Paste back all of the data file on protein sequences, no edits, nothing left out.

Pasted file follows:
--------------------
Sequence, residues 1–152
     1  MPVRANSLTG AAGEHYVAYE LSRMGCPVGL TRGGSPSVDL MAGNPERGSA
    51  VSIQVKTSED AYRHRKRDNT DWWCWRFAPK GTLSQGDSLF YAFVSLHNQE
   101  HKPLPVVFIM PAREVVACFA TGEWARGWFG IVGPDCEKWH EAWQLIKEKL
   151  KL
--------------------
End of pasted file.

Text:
Sequence, residues 1–152
     1  MPVRANSLTG AAGEHYVAYE LSRMGCPVGL TRGGSPSVDL MAGNPERGSA
    51  VSIQVKTSED AYRHRKRDNT DWWCWRFAPK GTLSQGDSLF YAFVSLHNQE
   101  HKPLPVVFIM PAREVVACFA TGEWARGWFG IVGPDCEKWH EAWQLIKEKL
   151  KL